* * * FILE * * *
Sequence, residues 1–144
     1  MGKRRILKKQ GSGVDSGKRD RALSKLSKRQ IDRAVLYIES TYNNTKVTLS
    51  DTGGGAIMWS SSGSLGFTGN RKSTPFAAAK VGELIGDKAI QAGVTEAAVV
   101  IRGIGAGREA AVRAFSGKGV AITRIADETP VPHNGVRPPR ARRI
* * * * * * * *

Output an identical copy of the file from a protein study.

Sequence, residues 1–144
     1  MGKRRILKKQ GSGVDSGKRD RALSKLSKRQ IDRAVLYIES TYNNTKVTLS
    51  DTGGGAIMWS SSGSLGFTGN RKSTPFAAAK VGELIGDKAI QAGVTEAAVV
   101  IRGIGAGREA AVRAFSGKGV AITRIADETP VPHNGVRPPR ARRI